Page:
IT pros have until July 2013 to upgrade their XenApp software before Citrix moves all versions before version 6.5 to end of life status. The new features in XenApp 6.5 make the move worthwhile, experts say.
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Many customers upgrade Citrix Systems Inc.’s XenApp in line with their Windows upgrades. A number of XenApp users still run it on Windows Server 2003, which won’t hit end of life (EoL) status until 2014.
“XenApp’s change in status implies that product lifecycles are getting shorter and shorter,” said Federica Troni, principal analyst at Gartner Inc. “It forces users into an upgrade cycle faster than they would like.”
The company’s major release lifecycles are generally four and a half years, “which exceeds the industry standard for being enterprise-ready based on Gartner research,” and lifecycles are communicated to customers far in advance, a Citrix spokesperson said.
“As an example, the XenApp 4 and XenApp 5 major release EoLs were communicated to customers two years ago, in March 2010 with the release of XenApp 6,” said John Fanelli, vice president, product marketing, enterprise desktops and apps at Citrix.
The table below, published on Citrix’s website, details the status change for several releases in the XenApp product line.
As shown above, some versions of XenApp will go end of life in under a year’s time (March 2013) and most customers use pre-6.5 versions. XenApp 6.5 itself will hit end of life status in July 2015.
XenApp 6.5 upgrade
XenApp allows IT pros to virtualise and manage Windows apps, and deliver them as a service to users’ devices. It also provides a simpler infrastructure deployment than VMware View and Citrix XenDesktop, said Elias Khnaser, technology officer at Sigma Solutions Inc., a data centre provider in San Antonio, Texas.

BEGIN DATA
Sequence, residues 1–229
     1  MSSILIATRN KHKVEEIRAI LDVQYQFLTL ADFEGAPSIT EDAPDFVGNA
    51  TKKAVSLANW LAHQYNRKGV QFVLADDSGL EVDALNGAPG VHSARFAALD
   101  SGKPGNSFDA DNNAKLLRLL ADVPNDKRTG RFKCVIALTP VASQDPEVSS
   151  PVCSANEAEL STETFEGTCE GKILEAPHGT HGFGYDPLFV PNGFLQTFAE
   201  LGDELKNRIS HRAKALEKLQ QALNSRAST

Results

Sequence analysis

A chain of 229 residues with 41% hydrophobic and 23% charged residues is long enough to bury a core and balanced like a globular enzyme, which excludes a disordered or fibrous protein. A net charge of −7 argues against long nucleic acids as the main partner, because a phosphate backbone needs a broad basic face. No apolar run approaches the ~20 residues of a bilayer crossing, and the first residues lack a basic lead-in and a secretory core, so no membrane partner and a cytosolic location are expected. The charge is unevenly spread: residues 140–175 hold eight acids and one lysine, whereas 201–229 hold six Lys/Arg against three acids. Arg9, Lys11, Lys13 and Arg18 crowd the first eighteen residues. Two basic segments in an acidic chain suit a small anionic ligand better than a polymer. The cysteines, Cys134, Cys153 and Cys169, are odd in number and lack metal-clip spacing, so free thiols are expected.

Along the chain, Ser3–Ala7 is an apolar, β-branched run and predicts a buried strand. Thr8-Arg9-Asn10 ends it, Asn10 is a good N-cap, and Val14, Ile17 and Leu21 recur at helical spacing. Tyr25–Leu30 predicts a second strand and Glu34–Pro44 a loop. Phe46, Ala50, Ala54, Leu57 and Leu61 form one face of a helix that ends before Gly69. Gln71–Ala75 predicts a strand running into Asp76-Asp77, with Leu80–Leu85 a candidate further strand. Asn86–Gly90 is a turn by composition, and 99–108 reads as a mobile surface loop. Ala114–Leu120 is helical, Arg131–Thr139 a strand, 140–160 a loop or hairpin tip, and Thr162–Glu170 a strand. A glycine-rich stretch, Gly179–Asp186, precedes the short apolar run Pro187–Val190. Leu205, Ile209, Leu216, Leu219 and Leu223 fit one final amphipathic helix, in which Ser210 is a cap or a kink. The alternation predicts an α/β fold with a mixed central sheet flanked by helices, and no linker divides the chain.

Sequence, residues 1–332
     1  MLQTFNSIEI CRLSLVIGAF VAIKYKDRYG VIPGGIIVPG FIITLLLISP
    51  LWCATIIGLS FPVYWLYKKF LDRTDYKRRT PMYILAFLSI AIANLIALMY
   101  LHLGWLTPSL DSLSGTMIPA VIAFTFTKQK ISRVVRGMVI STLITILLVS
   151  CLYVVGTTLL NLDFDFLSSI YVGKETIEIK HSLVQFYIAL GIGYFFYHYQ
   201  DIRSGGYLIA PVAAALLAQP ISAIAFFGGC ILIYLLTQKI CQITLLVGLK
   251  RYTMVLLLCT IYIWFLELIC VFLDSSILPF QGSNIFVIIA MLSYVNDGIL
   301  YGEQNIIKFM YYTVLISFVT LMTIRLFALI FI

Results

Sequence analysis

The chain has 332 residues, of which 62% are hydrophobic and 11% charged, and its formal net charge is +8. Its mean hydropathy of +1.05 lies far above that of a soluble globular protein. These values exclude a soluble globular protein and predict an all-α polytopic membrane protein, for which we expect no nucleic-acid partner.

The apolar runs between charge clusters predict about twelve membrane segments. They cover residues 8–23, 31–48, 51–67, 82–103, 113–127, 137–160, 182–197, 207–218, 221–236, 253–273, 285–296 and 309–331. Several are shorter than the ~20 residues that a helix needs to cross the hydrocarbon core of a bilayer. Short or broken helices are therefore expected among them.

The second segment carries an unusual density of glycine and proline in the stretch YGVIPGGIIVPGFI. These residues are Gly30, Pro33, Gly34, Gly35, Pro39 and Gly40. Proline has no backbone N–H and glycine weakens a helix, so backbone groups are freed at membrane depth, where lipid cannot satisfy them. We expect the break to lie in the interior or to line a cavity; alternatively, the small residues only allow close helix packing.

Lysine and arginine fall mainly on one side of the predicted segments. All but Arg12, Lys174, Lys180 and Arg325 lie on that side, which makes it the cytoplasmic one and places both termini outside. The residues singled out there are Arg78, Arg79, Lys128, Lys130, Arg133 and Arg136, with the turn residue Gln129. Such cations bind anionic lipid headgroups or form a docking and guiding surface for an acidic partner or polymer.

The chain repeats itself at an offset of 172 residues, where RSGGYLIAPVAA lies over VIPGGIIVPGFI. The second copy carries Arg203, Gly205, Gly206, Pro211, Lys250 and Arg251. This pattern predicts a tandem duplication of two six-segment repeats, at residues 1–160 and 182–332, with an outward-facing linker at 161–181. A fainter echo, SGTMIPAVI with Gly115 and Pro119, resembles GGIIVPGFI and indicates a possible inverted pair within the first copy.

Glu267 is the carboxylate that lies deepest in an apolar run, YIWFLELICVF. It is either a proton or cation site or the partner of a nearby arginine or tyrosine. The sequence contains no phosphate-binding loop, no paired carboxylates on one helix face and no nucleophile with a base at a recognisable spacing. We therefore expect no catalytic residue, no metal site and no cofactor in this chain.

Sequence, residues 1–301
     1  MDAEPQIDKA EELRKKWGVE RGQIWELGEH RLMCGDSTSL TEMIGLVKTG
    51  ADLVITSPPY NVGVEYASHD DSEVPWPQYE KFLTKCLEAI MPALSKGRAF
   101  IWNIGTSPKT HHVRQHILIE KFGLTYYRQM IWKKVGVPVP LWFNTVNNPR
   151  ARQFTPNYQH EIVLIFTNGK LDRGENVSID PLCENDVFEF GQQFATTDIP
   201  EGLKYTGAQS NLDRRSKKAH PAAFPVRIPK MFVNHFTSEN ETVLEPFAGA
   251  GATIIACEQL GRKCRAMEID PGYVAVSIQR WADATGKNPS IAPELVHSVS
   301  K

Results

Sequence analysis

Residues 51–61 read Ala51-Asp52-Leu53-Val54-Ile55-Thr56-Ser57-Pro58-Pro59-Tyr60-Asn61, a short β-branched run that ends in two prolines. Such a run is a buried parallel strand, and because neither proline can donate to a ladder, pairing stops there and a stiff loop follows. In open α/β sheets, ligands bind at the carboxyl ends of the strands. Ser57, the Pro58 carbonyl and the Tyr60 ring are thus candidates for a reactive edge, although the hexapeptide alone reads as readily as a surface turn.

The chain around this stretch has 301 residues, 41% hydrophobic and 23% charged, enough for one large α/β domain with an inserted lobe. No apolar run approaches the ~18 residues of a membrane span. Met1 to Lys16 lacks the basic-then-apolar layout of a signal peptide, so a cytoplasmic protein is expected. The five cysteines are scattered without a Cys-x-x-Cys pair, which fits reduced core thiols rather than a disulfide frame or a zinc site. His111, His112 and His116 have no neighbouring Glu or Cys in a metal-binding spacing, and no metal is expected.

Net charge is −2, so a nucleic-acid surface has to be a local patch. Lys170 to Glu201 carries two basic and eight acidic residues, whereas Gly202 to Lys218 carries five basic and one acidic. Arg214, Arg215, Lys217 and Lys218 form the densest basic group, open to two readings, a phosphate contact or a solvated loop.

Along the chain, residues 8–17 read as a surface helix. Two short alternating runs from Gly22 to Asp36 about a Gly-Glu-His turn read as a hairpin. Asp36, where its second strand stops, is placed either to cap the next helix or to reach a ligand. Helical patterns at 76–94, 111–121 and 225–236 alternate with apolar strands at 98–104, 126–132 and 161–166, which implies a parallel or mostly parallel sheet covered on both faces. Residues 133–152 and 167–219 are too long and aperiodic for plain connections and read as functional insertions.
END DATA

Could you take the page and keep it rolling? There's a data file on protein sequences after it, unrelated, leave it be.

IT pros don’t like to do upgrades because of time and cost factors. Many customers postpone software upgrades, Khnaser said.
But the features of XenApp 6.5 and its role in desktop virtualisation give users incentive to upgrade, said Nigel Woods, chief technology officer of Intercept IT in London, a virtualisation service provider.
“Citrix has added a lot of value in the new release and for some users, it makes more sense to upgrade,” Troni said.
Experts compare XenApp versions 4.5, 5 and 6 to Windows XP and Vista. Windows XP's own EoL is drawing near and even Microsoft will admit that users didn’t warm up to Vista, said Andrew Morgan, a desktop virtualisation architect.
Morgan believes XenApp 6 was a bold move by Citrix, releasing a product that was “so clearly unfinished.” Version 6 has a significant number of public and private hotfixes registered.
“But XenApp 6.5 is a polished diamond,” Morgan said.
XenApp 6.5 offer the best investment overall, Morgan said. “Server-based computing has come on leaps and bounds since Windows Server 2003 and users really like the new look and feel,” he said.
Another reason to upgrade is the growing need for more processing power and a scalable architecture, said Roy Illsley, an analyst with Ovum. Users want to replace their host OS to 64-bit to keep up with growing applications and increasing requirements, which is available in v6.5 -- a scalable app delivery tool, he added.
Despite the benefits in XenApp 6.5, upgrades are hard to justify because of the cost, especially in non-revenue-generating departments such as IT. With that, many customers will maintain old versions of XenApp beyond EoL status and move to v6.5 as part of a Windows Server upgrade, said Ovum’s Illsley.
Customers that do make the switch can use Citrix’s automated tool for simpler migration.
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